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The Trouble With Cabot

Lorna MacNeil GoCapeBreton - March 19th, 2023

Full article published here

In the magical world of developing golf courses, nothing matters but the golf and the money that comes from selling real estate near the golf.

I was reading an article titled Ben Cowan-Dewar’s pursuit of a destination empire - for my sins - trying to understand why this developer believes that he should be handed 150 acres of protected land in Mabou to build golf, when I came to this:

"Cowan-Dewar candidly acknowledges that neither of his early land acquisitions — the site in Cape Breton or the parcel of land on the coast of Saint Lucia — were discoveries in the truest sense.

Prior to Cabot’s development, notable individuals such as composer Philip Glass and sculptor Richard Serra owned summer homes in or near Inverness; and Alexander Graham Bell had a home on Cape Breton, once declaring the area as the most beautiful place on earth.

'Great people were there already, they had discovered that it was this amazing summer destination with four miles of sandy beach,” Cowan-Dewar says. “They had been there for decades. So, I had this enduring belief that we could eventually sell real estate, but we had to really execute on the first piece of the puzzle, which was build great golf and offer great accommodations."

(I should say that Phillip Glass has nothing to do with any of this.)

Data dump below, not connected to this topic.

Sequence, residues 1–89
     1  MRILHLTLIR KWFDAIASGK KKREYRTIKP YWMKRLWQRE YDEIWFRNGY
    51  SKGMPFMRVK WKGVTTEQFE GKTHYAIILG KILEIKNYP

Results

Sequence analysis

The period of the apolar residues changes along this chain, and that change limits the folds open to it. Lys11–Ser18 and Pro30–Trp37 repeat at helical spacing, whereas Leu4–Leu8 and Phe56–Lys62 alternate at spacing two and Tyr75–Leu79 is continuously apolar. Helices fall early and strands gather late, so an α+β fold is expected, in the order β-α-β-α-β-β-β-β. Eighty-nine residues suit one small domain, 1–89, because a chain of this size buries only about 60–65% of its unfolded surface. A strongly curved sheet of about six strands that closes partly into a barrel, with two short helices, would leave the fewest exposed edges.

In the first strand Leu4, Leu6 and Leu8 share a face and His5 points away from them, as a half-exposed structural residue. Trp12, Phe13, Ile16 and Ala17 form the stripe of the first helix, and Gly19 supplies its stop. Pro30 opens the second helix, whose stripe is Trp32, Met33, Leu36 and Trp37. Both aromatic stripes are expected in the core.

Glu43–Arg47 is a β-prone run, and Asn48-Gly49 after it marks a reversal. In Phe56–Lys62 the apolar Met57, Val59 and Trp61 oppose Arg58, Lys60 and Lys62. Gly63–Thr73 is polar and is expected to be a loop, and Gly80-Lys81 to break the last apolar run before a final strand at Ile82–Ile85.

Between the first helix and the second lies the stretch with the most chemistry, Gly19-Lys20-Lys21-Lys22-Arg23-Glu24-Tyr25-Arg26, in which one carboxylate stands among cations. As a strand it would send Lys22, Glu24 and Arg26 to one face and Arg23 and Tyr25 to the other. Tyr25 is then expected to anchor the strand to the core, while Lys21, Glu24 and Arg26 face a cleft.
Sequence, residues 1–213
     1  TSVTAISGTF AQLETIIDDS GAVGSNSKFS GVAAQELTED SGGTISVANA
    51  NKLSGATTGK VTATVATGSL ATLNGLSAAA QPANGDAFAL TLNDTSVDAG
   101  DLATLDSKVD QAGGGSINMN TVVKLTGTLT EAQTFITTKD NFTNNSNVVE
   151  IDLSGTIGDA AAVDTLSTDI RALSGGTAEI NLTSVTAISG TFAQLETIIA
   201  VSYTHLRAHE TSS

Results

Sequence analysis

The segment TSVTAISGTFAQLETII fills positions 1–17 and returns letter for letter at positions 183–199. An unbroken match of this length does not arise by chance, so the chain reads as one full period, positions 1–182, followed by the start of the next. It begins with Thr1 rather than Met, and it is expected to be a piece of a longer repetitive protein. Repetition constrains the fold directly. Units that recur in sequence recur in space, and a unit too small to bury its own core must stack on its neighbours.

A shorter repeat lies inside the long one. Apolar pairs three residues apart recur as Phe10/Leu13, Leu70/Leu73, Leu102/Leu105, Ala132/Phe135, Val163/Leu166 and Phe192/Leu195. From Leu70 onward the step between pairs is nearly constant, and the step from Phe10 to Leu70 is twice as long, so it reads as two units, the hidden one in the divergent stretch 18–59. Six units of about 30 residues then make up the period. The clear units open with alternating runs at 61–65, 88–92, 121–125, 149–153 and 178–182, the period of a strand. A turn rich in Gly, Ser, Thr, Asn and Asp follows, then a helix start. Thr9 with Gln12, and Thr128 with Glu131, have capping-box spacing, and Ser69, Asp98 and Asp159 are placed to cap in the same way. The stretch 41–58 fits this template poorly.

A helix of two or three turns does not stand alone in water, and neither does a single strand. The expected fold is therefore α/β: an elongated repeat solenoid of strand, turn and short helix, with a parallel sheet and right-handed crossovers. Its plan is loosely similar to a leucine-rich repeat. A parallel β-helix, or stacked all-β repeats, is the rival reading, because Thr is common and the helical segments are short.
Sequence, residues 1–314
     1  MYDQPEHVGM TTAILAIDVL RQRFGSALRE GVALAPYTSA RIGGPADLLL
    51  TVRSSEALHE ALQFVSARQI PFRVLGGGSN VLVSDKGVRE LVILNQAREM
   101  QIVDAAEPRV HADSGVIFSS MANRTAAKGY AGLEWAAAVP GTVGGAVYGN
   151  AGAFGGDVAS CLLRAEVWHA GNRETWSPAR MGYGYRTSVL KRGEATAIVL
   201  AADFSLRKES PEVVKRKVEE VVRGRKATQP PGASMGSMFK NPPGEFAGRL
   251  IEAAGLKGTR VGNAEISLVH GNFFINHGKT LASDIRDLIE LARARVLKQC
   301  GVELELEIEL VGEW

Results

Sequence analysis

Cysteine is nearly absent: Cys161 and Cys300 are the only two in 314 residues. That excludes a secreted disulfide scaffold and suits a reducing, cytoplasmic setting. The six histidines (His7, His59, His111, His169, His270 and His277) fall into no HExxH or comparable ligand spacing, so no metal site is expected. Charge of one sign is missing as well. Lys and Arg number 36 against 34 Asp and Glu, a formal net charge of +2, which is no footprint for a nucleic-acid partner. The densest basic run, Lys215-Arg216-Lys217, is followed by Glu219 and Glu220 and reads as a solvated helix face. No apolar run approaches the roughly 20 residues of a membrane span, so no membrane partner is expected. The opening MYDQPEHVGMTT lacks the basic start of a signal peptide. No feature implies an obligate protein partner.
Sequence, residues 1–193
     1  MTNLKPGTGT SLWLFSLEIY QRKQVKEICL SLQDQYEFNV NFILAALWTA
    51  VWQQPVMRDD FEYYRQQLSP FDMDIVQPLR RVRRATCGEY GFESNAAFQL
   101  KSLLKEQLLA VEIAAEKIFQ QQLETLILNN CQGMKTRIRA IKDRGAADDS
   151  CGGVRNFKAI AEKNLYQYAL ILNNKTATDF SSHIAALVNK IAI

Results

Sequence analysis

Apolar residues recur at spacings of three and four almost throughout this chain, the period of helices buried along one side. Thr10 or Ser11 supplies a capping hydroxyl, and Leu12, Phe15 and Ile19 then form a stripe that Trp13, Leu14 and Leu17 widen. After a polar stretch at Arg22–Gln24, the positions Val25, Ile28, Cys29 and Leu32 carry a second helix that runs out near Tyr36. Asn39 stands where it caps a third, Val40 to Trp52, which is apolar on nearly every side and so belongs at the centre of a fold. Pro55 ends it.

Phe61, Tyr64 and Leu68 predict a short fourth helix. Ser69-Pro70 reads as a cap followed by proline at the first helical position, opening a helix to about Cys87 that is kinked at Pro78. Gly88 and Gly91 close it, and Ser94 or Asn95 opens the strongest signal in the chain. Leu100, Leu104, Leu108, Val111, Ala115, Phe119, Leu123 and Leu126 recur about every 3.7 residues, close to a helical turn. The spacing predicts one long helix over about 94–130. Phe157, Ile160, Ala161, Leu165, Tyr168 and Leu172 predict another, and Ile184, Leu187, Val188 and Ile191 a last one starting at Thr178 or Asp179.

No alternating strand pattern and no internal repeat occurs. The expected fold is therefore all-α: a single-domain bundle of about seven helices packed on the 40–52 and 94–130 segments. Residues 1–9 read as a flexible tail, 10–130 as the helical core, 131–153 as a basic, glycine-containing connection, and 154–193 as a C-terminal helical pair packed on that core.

So, Ben Cowan-Dewar's plan seems to be to bring “great” people to Inverness and sell them real estate. After all, there were already two great people in Inverness, surely more would come.

What a shame that Inverness has been wasted on the “not great” people for… well, the Mi’kmaq have been here for more than 13 thousand years, and the Scottish Highlanders first found shelter in Cape Breton in 1775, I believe.

Alistair MacLeod, the universally acclaimed writer, wrote about his favourite place in the world, Inverness County:

“My favourite place is a plot of land in Nova Scotia’s Inverness County …The land of which I speak was first settled in 1808 by my great-great-great-grandparents…basically followed the shoreline.

None of this group were ever to leave Cape Breton. Members of our family have been on this land ever since. I and many of my relatives feel very strongly about what was left to us. We feel that this land has, somehow, been entrusted to us and that we are part of a stewardship.“

So, what is my point?

Read the full article here.

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